TEENAGER KNOCKED DOWN DURING UNION FLAG PROTEST

Union flag protestor's message to unionist politicians

Union flag protestor’s message to unionist politicians

A TEENAGE boy has been knocked over during a flag protest in Belfast.

Police said he was struck by a car at the junction of Albertbridge Road and Templemore Avenue in east Belfast around 7.30 pm on Monday night.

He sustained injuries to his leg which are not thought to be serious.

Loyalists claim that a car “rammed the protest”, knocking down the teenager.

One loyalist claimed: “An adult male also went to help and he was hurt too.

“The teenager was taken to hospital and the PSNI let the car drive of into Short Strand direction.”

The incident happened amid a series of protests which took place across Northern Ireland as part of ‘Operation Standstill’, following changes to the flag-flying policy at Belfast City Hall.

Meanwhile, 11 people were arrested on Monday during the ‘Operation Standstill’ Union flag protest across Northern Ireland.

Six men and two women were arrested on suspicion of obstructing a highway following a protest in the Knock Dual Carriageway area of east Belfast.

In the Waterside area of Derry/Londonderry, three men were arrested on suspicion of a number of offences including disorderly behaviour and obstructing a highway.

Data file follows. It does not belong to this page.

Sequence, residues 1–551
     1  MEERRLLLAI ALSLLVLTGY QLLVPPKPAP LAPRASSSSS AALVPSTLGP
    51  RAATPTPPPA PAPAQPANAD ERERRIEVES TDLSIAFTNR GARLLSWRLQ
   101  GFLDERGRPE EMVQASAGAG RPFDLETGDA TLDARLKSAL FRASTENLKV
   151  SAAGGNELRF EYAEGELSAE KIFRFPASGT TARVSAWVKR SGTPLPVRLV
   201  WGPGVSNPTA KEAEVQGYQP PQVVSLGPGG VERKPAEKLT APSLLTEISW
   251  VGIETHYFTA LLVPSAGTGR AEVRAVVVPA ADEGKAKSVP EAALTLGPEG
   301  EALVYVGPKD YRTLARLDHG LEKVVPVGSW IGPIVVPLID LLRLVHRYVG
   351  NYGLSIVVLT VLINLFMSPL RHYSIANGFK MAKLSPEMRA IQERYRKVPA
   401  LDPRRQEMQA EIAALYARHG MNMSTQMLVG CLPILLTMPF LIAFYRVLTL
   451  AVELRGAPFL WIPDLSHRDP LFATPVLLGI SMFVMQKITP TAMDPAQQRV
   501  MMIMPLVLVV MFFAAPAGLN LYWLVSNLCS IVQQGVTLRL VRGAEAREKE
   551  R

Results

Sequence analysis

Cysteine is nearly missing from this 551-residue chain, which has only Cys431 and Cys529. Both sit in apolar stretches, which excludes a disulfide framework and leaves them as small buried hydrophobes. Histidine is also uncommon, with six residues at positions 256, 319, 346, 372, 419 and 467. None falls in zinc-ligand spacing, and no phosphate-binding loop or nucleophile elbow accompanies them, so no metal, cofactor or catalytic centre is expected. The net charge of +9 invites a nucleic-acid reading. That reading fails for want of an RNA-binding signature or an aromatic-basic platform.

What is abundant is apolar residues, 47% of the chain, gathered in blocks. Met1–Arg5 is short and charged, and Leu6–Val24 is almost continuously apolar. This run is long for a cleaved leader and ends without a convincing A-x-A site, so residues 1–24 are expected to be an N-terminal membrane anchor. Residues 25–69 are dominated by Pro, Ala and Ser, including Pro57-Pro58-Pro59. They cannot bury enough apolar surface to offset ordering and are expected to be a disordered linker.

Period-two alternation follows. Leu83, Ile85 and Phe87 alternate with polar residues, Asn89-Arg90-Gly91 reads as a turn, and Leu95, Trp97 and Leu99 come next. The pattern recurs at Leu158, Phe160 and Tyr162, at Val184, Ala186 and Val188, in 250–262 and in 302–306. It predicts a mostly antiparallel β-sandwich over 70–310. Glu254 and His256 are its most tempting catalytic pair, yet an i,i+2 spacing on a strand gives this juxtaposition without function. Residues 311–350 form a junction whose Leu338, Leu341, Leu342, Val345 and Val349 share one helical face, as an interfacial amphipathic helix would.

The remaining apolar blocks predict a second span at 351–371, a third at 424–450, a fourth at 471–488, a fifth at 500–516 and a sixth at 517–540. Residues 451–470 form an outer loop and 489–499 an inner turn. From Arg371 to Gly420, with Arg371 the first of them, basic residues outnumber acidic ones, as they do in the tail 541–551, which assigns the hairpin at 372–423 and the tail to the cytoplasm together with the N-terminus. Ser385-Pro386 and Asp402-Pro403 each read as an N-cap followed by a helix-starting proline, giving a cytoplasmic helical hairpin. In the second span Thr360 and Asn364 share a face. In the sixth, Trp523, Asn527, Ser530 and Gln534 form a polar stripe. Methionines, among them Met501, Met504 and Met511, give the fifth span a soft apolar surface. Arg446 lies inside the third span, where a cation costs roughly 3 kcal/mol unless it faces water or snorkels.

In Belfast, Shankill Road at Browns Square, Cambrai Street, and Castlereagh Street were blocked by protestors.

Elsewhere police reported flag protests at Ballyclare Square, on Coast Road in Glenarm, on Rossdowney Road in Londonderry and in Fountain Hill in Antrim.

The Lisburn Road from Elmwood Avenue to Shaftesbury Square, the Shore Road at Mount Vernon, My Lady’s Road, Malone Road at Dub Lane and Sandy Row at Boyne Bridge have reopened after roads blocks were lifted.

Translink said all east Belfast Metro services were suspended for a time “due to numerous protests” on Monday night.

The demonstrations began last month, after Belfast City Council voted to restrict the flying of the Union flag to 18 designated days.

Earlier this month the first so-called Operation Standstill took place as protestors took to the streets to voice their opposition to the Belfast flag decision across Northern Ireland.

Although violence has broken out at some flag protests, police said the majority of demonstrations were peaceful.

 

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